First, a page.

Feb 15, 2013

Vietnam - A heavier hand to slap polluting FIEs

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Many foreign invested enterprises have contributed to Vietnam’s economic growth—but some have also damaged  the country’s land, water and air, as VIR’s Khoi Nguyen reports.

In late January 2013, Taiwan-backed rubber processing firm Chyun Jaan in northern Hai Duong province was found to have illegally dumped 12 tonnes of harmful waste, including mud and untreated oil, at the fences of its factory.

Earlier in January, China’s sanitary product maker Italisa Vietnam in northern Bac Giang province was found to use a large underground pipe for discharging untreated waste water into the environment.

More investigations of the Italisa Vietnam’s $20 million, 80,000 square metre factory and the Chyun Jaan’s factory are underway.

And in December 2012, South Korea’s fiber maker Sea Han Vina was fined VND176.5 million (almost $8,500) for discharging untreated waste water into the nearby river in southern Binh Phuoc province.

The three latest violations add to a long list of environmental transgressions in Vietnam over the years with many involving foreign-invested enterprises (FIEs).

The Minister of Planning and Investment Bui Quang Vinh said Vietnam’s economic growth over the past years had been fueled remarkably by many FIEs.

“But many FIEs have failed to invest in environmental protection. They are trying to dirty Vietnam’s environment via their backward technologies,” Vinh added. “We cannot sacrifice the target of environmental protection at any price. Especially now is the time for the Vietnamese government to build its green economy,” Vinh said.

A big propellant for growth

The Ministry of Planning and Investment (MPI) reported that from 1987 when Vietnam enacted its Foreign Investment Law to late December 2012, Vietnam cajoled over 14,100 foreign direct investment (FDI) projects registered at over $206.5 billion, of which over $96.6 billion was disbursed.

Most FDI projects were focused on the construction sector (occupying 54.8 per cent of Vietnam’s total FDI registered capital) and the service sector (40 per cent). Localities with the most FDI capital included Hanoi, Ho Chi Minh City, Dong Nai, Binh Duong, Ba Ria-Vung Tau, Haiphong, Quang Ninh, Vinh Phuc and Bac Ninh. Some 96 nations and territories have had their investment projects in Vietnam.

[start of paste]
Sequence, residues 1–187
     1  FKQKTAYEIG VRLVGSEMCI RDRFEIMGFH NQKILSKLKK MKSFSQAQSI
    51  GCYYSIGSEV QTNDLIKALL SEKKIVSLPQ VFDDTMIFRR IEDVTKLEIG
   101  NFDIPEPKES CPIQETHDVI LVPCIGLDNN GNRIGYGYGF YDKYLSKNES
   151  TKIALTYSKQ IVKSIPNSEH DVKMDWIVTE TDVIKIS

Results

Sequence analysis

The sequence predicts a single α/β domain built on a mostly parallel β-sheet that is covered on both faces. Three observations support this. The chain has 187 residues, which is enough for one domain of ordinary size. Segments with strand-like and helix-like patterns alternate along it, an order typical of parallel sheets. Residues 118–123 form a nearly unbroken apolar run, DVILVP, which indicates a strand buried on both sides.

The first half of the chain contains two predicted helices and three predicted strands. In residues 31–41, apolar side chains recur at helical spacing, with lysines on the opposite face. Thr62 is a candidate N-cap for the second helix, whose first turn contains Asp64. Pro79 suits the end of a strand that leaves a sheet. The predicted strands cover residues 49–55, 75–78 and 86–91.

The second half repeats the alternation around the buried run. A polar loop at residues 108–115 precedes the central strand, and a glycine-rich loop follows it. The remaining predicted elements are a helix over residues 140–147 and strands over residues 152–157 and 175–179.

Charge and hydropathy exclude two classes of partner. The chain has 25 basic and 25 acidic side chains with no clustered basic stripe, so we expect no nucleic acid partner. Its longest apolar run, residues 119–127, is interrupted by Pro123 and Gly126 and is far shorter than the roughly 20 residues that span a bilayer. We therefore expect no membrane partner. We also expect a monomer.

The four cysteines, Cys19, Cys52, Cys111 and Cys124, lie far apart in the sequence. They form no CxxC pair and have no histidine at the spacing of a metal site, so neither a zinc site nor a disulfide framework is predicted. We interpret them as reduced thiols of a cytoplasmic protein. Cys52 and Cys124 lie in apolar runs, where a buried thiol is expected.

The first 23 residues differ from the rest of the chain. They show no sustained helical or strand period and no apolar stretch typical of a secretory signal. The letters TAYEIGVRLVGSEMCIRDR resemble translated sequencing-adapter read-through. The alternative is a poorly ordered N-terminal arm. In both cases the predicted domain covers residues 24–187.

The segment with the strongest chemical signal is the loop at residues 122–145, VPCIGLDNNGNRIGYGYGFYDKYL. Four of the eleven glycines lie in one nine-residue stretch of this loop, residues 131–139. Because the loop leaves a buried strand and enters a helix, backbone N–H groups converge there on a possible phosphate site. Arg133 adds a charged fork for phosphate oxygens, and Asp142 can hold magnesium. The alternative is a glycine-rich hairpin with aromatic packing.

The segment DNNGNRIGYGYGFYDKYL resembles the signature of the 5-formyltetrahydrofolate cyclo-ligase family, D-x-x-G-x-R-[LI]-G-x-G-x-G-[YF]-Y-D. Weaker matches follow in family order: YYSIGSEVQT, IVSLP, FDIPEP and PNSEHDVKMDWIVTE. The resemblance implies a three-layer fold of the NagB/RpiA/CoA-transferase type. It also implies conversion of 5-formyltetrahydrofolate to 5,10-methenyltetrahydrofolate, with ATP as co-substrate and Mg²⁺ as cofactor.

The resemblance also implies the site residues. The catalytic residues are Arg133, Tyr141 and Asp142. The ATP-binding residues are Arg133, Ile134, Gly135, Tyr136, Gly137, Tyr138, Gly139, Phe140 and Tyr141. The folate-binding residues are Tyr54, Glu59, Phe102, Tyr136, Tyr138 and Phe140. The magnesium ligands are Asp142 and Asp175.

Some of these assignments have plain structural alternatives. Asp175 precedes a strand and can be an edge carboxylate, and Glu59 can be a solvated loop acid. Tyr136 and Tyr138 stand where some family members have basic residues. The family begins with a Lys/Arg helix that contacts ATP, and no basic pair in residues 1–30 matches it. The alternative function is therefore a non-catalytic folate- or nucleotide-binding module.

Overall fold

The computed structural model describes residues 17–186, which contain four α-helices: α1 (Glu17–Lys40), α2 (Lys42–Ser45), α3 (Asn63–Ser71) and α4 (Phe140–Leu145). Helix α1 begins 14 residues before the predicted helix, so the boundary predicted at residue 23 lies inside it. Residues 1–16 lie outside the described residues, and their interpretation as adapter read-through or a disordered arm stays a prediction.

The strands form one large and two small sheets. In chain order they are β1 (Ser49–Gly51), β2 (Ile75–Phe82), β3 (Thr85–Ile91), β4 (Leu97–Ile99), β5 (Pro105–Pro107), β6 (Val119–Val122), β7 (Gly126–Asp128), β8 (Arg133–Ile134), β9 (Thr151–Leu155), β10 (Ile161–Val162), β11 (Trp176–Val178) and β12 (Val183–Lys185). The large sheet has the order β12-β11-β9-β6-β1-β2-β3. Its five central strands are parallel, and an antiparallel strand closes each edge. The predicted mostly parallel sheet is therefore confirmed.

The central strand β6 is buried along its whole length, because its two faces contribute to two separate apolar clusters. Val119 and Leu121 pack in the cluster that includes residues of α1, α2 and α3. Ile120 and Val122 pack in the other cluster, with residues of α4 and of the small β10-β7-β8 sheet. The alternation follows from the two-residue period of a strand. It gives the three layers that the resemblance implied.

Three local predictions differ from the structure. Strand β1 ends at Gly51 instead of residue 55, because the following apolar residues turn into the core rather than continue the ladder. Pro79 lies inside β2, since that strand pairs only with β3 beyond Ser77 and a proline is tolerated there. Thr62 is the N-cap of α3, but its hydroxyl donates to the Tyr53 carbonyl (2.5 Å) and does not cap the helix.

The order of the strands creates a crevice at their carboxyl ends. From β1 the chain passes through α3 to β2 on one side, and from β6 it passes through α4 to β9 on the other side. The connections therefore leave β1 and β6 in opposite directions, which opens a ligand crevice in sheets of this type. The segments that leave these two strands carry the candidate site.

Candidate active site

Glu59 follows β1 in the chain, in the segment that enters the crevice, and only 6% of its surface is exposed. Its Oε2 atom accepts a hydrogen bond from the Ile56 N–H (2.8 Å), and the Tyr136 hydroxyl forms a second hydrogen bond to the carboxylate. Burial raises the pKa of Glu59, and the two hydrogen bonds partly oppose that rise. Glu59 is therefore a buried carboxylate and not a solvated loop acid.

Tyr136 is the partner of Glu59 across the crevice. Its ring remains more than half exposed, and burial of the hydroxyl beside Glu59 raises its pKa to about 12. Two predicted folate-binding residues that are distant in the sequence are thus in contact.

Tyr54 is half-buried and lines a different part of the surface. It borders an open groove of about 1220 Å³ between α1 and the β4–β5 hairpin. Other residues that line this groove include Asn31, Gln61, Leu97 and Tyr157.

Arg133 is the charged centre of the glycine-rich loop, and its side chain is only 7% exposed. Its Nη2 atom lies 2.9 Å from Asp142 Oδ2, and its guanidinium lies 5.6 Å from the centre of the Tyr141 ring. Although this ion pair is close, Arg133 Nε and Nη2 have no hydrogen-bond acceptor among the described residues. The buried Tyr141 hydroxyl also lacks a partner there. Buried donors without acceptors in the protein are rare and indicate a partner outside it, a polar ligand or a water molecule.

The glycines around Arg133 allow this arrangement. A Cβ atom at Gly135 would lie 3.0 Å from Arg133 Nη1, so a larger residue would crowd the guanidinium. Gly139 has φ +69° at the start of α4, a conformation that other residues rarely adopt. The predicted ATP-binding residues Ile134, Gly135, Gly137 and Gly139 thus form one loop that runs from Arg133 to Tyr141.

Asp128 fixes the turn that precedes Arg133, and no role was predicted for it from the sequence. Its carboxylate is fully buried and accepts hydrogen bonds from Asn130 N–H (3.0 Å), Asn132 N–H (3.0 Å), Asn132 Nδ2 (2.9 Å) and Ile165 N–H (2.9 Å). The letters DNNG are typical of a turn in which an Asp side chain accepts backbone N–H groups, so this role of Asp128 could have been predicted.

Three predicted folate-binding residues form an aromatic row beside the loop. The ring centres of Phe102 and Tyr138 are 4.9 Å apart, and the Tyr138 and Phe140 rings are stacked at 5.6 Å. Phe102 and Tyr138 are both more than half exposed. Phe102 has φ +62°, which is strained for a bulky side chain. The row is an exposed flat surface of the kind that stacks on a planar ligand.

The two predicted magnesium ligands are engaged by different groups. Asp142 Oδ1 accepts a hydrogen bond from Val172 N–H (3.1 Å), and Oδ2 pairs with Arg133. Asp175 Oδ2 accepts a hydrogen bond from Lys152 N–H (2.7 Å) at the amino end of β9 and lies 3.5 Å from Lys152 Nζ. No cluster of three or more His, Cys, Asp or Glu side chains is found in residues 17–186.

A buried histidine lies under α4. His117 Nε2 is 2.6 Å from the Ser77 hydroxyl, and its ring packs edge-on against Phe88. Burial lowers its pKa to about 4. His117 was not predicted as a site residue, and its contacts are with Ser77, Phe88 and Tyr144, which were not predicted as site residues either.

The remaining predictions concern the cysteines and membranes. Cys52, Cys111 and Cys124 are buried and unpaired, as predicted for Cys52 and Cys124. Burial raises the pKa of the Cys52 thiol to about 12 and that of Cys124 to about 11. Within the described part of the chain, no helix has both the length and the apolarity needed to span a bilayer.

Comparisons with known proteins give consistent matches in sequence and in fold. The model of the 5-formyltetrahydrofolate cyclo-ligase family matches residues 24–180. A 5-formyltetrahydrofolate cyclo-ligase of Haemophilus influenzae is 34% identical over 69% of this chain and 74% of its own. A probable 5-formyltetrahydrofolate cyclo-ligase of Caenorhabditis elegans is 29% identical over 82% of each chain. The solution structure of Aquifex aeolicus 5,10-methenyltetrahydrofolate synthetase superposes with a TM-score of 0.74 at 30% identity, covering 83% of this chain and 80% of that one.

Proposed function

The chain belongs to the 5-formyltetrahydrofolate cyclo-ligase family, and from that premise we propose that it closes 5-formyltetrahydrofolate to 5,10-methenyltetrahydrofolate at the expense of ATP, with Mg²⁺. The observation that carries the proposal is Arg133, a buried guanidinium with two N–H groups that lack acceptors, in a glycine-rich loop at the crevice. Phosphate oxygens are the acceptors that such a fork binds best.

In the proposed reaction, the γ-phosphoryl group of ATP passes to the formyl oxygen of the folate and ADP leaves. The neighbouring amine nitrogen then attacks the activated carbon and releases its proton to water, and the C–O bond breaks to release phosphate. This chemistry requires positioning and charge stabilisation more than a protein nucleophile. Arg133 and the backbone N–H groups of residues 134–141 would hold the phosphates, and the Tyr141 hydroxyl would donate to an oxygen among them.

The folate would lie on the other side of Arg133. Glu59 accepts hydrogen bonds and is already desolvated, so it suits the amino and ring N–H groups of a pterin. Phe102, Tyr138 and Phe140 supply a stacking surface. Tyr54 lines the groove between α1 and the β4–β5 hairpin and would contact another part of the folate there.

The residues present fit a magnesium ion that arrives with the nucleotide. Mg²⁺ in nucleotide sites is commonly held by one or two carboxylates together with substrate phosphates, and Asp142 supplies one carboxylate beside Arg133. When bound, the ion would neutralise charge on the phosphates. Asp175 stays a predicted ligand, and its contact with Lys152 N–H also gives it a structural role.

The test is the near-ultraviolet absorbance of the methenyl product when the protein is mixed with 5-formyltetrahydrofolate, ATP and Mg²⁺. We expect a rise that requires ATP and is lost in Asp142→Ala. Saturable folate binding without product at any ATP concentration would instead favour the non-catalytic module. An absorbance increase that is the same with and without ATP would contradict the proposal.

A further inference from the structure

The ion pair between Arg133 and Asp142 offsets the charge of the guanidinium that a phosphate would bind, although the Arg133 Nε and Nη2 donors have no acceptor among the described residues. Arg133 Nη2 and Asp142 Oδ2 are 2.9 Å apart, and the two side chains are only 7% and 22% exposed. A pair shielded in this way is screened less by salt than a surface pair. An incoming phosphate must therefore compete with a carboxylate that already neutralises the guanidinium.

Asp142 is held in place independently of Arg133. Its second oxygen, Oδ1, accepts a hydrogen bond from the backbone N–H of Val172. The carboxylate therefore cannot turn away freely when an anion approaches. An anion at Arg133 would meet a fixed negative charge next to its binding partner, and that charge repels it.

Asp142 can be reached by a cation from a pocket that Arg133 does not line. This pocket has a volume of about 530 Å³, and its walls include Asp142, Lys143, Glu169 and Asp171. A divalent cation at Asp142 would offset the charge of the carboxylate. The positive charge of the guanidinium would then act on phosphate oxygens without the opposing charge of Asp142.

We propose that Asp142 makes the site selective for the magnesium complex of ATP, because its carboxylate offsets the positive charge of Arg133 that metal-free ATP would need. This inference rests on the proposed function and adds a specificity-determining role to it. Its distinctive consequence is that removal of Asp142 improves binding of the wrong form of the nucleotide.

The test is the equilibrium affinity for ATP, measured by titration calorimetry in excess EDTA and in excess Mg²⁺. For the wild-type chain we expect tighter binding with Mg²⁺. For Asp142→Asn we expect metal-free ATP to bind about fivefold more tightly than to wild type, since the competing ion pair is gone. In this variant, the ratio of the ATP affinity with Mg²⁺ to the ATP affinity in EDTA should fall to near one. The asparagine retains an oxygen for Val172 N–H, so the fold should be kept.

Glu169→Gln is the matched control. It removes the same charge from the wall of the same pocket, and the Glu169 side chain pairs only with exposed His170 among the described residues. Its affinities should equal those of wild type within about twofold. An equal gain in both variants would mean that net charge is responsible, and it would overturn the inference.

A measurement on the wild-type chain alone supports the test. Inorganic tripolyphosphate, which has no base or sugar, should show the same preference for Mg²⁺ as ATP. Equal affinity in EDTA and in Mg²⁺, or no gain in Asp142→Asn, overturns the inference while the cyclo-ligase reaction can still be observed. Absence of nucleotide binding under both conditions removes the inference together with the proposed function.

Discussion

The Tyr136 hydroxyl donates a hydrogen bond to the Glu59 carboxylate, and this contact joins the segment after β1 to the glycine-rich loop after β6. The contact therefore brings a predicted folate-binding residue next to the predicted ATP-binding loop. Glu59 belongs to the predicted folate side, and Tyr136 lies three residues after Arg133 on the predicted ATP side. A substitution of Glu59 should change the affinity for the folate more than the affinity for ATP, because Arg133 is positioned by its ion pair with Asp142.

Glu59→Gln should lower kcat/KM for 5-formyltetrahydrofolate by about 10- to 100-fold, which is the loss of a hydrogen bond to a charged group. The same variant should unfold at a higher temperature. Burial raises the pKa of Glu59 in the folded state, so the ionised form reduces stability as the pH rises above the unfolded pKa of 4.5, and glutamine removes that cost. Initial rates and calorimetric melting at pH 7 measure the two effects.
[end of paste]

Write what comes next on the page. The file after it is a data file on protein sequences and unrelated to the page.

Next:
According to the MPI, the FDI sector has made great contributions to Vietnam’s gross domestic product (GDP) growth. This sector occupied 2 per cent of GDP in 1992, but this rate soared to 12.7, 16.98, 18.97 per cent in 2000, 2006 and 2011, respectively.

Do Nhat Hoang, director of the MPI’s Foreign Investment Agency said the FDI sector’s annual growth was always bigger than that of the whole Vietnamese economy. In 2005, while the sector grew 14.98 per cent, Vietnam’s GDP grew 9.54 per cent. The respective rates were 11.44 and 6.79 per cent in 2000, 13.22 and 8.44 per cent in 2005, and 8.12 and 6.78 per cent in 2010.

The other side of the coin

However, Vinh said one of the FDI sector’s most negative impacts on Vietnam was “seriously destroying the environment.”

According to the MPI, many localities have unselectively coaxed FDI projects, which prompted many FIEs, particularly those operating in garment and textile, leather, footwear and packaging production, to use outdated technologies. Some FIEs deliberately exploited natural resources and took advantage of loopholes in Vietnam’s environmental regulations.